3. If you're looking for underground house music, stick with Episode 12 of my Cyberjamz show, my live mix from Red in Washington, D.C., and my newest Podcast, "Red On My Mind, Vol. 1." The other mixes are probably not for you.
4. Most these mixes are of OLD SCHOOL music because...well, I'm old (and so are most of my friends)!
5. Finally, there are no frills here. No crazy effects or lots of scratching. The mixes are designed to showcase the music.
I'll be adding mixes over time and, yes, I'll be adding some house mixes that include new music.
Check back in every now and then. :-)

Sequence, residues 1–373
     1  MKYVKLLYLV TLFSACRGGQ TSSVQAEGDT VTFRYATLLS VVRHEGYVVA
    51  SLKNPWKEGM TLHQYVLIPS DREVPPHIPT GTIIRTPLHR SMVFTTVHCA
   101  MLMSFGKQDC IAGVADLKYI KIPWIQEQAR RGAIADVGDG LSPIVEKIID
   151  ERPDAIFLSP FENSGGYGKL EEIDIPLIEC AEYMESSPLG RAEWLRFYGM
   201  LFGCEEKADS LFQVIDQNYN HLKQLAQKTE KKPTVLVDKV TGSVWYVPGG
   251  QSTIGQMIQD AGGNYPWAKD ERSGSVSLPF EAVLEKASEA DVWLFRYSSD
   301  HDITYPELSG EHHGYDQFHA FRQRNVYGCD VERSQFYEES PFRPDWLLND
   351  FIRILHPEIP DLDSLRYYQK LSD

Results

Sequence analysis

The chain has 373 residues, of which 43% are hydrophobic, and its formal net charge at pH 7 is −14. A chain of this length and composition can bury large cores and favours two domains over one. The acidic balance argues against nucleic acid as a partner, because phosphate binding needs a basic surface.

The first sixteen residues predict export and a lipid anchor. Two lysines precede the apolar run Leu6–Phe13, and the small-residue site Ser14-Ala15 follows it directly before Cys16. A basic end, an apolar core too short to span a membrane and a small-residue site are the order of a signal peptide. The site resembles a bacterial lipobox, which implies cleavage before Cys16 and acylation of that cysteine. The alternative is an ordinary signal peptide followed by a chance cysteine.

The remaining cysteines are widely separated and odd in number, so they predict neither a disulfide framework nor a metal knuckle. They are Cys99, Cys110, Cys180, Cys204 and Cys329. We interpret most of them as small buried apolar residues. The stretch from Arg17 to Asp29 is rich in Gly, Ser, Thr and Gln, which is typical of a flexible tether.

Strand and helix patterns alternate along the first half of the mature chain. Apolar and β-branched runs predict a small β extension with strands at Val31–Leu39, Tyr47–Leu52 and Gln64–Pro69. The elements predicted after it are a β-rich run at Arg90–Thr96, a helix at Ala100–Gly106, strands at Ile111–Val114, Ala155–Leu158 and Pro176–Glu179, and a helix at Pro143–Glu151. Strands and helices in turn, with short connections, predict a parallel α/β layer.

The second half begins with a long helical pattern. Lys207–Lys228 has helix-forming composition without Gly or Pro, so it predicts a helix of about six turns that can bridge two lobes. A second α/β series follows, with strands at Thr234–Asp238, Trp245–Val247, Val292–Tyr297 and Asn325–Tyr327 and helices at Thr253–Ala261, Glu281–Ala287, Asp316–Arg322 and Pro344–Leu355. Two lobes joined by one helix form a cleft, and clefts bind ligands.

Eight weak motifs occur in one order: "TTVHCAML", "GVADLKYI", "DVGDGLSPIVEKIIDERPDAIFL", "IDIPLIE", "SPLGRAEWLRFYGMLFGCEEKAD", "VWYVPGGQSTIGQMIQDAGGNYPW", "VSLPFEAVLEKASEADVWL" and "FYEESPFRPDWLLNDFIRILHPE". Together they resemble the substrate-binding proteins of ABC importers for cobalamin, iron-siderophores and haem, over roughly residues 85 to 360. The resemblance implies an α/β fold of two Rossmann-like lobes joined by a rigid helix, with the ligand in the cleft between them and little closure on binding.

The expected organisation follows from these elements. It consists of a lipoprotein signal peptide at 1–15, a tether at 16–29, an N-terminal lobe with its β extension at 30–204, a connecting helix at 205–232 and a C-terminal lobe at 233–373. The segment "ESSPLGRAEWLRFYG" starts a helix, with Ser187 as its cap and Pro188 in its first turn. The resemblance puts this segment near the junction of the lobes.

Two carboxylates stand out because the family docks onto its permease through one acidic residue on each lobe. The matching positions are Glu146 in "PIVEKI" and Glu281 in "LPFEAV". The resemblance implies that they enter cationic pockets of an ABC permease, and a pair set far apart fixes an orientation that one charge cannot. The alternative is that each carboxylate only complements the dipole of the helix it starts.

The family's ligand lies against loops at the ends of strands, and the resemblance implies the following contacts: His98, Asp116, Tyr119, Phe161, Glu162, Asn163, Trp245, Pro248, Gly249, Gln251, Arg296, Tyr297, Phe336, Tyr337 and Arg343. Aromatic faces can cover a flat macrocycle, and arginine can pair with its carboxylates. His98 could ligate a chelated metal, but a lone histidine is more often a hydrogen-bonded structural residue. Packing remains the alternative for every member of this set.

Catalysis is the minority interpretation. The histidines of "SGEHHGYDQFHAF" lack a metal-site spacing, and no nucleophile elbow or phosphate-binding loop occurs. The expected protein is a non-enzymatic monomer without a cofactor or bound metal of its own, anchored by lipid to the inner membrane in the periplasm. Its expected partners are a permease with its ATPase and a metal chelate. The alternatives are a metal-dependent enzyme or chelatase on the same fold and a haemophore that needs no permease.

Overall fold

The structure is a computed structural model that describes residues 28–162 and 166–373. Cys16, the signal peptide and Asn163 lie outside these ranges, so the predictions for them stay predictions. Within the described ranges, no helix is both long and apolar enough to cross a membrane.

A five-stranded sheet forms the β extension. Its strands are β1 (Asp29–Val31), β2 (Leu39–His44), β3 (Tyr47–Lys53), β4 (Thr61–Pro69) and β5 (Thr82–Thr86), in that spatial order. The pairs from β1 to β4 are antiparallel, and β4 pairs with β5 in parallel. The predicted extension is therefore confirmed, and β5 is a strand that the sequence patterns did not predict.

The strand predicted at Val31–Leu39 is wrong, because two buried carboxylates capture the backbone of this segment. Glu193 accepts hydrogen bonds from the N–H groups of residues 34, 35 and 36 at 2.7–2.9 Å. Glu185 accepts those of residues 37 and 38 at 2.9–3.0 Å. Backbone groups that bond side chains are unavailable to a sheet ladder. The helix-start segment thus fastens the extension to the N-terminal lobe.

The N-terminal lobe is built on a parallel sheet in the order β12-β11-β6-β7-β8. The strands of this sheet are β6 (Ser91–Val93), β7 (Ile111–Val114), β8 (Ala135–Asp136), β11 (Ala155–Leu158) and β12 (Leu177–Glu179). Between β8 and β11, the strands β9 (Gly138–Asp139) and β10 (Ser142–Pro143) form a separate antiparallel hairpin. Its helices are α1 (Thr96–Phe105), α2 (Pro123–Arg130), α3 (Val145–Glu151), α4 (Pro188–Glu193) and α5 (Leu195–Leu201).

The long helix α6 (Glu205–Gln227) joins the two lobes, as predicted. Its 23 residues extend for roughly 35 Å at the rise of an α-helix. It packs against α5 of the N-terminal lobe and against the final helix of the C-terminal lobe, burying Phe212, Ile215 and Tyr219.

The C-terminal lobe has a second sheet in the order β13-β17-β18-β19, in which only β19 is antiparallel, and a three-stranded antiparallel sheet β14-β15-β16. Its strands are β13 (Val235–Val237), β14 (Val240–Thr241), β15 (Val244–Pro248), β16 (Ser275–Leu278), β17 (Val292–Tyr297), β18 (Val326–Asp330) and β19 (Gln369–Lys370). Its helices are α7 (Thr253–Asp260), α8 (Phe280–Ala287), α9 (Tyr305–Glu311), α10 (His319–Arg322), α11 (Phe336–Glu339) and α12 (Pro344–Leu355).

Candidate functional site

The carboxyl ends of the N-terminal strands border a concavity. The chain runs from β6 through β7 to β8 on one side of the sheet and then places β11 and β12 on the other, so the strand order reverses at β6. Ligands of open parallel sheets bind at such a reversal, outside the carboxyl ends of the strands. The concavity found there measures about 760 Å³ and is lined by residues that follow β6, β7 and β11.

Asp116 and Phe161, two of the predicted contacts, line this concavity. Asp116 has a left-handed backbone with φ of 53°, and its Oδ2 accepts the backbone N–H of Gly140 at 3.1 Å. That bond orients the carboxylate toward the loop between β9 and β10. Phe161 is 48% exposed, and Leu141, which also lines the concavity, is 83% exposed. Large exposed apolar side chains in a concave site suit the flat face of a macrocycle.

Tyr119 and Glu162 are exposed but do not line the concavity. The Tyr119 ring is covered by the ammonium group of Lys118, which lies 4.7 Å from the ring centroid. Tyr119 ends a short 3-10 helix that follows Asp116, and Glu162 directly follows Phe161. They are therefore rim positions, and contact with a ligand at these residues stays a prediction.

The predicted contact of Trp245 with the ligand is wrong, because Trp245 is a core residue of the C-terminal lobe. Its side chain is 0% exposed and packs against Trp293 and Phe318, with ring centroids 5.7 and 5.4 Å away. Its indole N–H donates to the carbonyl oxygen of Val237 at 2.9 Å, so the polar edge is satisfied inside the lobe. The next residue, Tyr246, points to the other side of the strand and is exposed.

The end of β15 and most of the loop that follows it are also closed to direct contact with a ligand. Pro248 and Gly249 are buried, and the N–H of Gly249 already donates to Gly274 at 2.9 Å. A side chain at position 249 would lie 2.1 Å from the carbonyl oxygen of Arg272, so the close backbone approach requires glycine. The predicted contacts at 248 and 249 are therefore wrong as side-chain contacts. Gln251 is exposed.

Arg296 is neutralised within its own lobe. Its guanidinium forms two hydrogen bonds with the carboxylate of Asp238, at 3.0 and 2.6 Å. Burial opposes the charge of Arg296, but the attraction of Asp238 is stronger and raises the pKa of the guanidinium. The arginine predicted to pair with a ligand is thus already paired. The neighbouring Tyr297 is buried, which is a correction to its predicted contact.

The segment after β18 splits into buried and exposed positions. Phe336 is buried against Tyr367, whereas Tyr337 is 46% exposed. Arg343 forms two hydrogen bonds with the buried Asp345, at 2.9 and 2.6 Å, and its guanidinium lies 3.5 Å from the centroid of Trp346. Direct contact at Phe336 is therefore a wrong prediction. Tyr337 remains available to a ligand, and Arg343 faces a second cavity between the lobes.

After 10 years of writing, producing, and mixing some of the finest soulful house music in the business, in 2003 95 North (Doug Smith and Richard Payton) decided to take a break. Although satisified with their success in the underground scene, Doug and Richard had to make some life decisions as they now were both family men. Doug enrolled in law school and graduated from the University of Virginia School of Law in 2006. Richard took a break to spend more time with his family and to to step away from the business for a while to get a little more established at a “real” job. Now that things are more stable on the home front, Richard is ramping up the 95 North production machine once again. Although the output won’t be as prolific, the quality that people have come to expect from 95 North will still be there. But who is 95 North and what’s their story? Doug Smith and Richard Payton weren't disco kids feeding off of older siblings' and cousins' flirtations with disco. There were no Paradise Garages, no Lofts, no Chicago Warehouses or Boxes in their respective hometowns of Long Branch, N.J. and Petersburg, VA. Yet this duo, who comprise the Washington, DC-based team of 95 North Productions, has captured the essence of up-tempo R & B dance music, internalizing it and delivering intense, rough house grooves, experimental dance tracks, and enchanting, melodic dance songs that have garnered them fans from around the globe. The obvious question then becomes, how did two straight-laced, college bound suburban kids even "get" house music with such limited exposure? "I was strictly hip-hop, even though I grew up in New Jersey and was exposed to a lot of early dance music on the radio through WKTU and WBLS" says Doug. "One night at Club 88 in East Orange, New Jersey back in 1986 changed all of that". Richard says he was exposed to early dance music during summer internships in New Jersey. "That's when I got exposed to groups like Change and a lot of stuff on Prelude Records, mostly from the radio as well. Sadly for me, I passed up my one opportunity to go to the Paradise Garage before it closed. I'm still kicking myself for it." By the time the two hooked up in the 1989 through a mutual friend Kevin Suber, they were full-blown househeads. However, their musical partnership began in a DC-based hip-hop collective known as Trigon. While making a few inroads (opening for De La Soul and Chubb Rock), they never did quite get the break they needed to succeed. Arising in the summer of 1991 from the ashes of Trigon, Doug and Richard began indulging their love for house music by writing songs and working on tracks in the cramped basement of Richard's DC home. "All we had was one sampling keyboard and a bunch of ideas," says Richard. But amazingly, despite their limited production capabilities at the time, the duo managed to land a single deal with venerable New York dance music label Strictly Rhythm Records less than six months from the time they started. "We were shocked and amazed," says Doug. "To be a fan of that label for so long and then, all of the sudden, you're an artist on the label. It was an exciting time for us". That was only the beginning. With early champions of their sound such as Tony Humphries, the late John Robinson, DJ Disciple, DJ Dove, Roger S., Little "Louie" Vega, Sam "The Man" Burns, DJ Mandrill, Oji & Pope, etc., 95 North's music began to slowly rise to prominence in the NYC house scene and abroad. While their early singles on Strictly Rhythm served as the foundation for their success, it wasn't until the release of "Hold On" by Sabrynaah Pope on King Street Sounds that they finally came into their own. "That was a huge record for us" says Richard. "Louie Vega ran it at the Sound Factory Bar for months before it came out. When it was finally released, it just exploded." Indeed it did, rising to the number one position on the DJ Magazine Hype Chart soon after its release in 1994. And as if that song weren't enough, they followed it up with their now classic rendition of Earth, Wind & Fire's "See the Light" on defunct NYC label Choice Records, as well as "The Journey" on Shelter Records (which has the distinction of being the first record ever remixed by Body & Soul resident Joe Claussell). It wasn't long after these successes that Europe began calling. They eventually found themselves touring all over Europe, playing everywhere from the Ministry of Sound in London to Angels of Love in Italy. The combination of Richard playing on keyboards while Doug spun on the decks proved to be a hit everywhere they played. Their DJing skills eventually landed them two residencies in DC, one at Red and the other at The Sanctuary at Vicki's. Remixing offers began pouring in as well, and soon they were remixing everyone from Jody Watley to George Duke to Crystal Waters to Kathy Sledge to Dru Hill. They were even commissioned to write and produce songs for Crystal Waters' self-titled album on Mercury Records. One of those songs, “Just a Freak”, ended up being the theme for the major motion picture “Double Team” starring Jean-Claude Van Damme and Dennis Rodman. Not content to rest on accolades, the duo continued to blaze the dance music world with an array of stylistically varied dance tracks, ranging from the full on gospel brilliance of "Alright" by Mijan, to the loopy underground classic vibe of "Who's Hoo?" on Henry St., to the off-kilter "Odyssey" on Groove On Records, to the way-ahead-of-its-time "Elevation" on Large Records. In fact, they may be responsible for producing some of the most criminally ignored gems ever created. Take for instance their jazz funk classic "Bassline" on Emotive Records (championed by Ron Trent and Louie Vega), which was one of the few, if not first, modern day house record done in three-bar cycles instead of the traditional four-bar cycle of most songs. Or, as another example, "Forever Underground" which made use of vocal samples from Gang Starr's "Moment of Truth" LP. Most people in the dance music world associate those samples with the commercial dance hit "Roaches" by The Trancesetters, even though 95 North did "Forever Underground" one-year prior. However, rather than dwell on slights by the dance music world, they continue to push forward. They finally received a taste of mainstream success in Europe with the release of their biggest single "Sunday Shoutin'" on 4th Floor/Defected Records, done under their "Johnny Corporate" moniker. Supported by everyone from Pete Tong to Louie Vega to Tony Humphries to David Morales to Roger S. and beyond, "Sunday Shoutin'" remained a dance floor staple for the better part of a year and went on to sell over 30,000 copies. It even made it to the number 45 position on the pop charts in the UK and spawned a video that played regularly on MTV Europe. "When it sold 3000 copies in the first weekend, we knew it was something special," says Doug. "The funny thing is that many people didn't even know it was us! It didn't surprise me though. People tend to make the mistake of pigeonholing us or labeling us as "garage" producers, not realizing the diversity of the body of our work. 'Sunday Shoutin'' opened a lot of eyes". It's been a long, sometimes frustrating road for 95 North, but ultimately fulfilling. "I wouldn't trade the experience for anything," says Richard. "Music has been a blessing for us and we are eternally gratefully to our fans, families and God for all of the love and support we get. We may not be household names or superstars, but we love what we do and will continue to do it for as long as we are blessed with the talents God gave us."